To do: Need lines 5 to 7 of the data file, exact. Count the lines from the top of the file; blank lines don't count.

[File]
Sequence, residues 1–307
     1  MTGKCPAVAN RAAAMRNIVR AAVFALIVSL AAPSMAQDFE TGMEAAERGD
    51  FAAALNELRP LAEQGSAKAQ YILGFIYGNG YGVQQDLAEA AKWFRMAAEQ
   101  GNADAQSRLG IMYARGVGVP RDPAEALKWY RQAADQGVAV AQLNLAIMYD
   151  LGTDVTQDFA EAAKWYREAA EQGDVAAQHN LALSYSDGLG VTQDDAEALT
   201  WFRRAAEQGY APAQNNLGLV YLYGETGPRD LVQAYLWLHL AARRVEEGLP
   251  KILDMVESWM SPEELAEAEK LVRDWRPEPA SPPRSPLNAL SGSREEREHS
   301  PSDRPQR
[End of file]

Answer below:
   151  LGTDVTQDFA EAAKWYREAA EQGDVAAQHN LALSYSDGLG VTQDDAEALT
   201  WFRRAAEQGY APAQNNLGLV YLYGETGPRD LVQAYLWLHL AARRVEEGLP
   251  KILDMVESWM SPEELAEAEK LVRDWRPEPA SPPRSPLNAL SGSREEREHS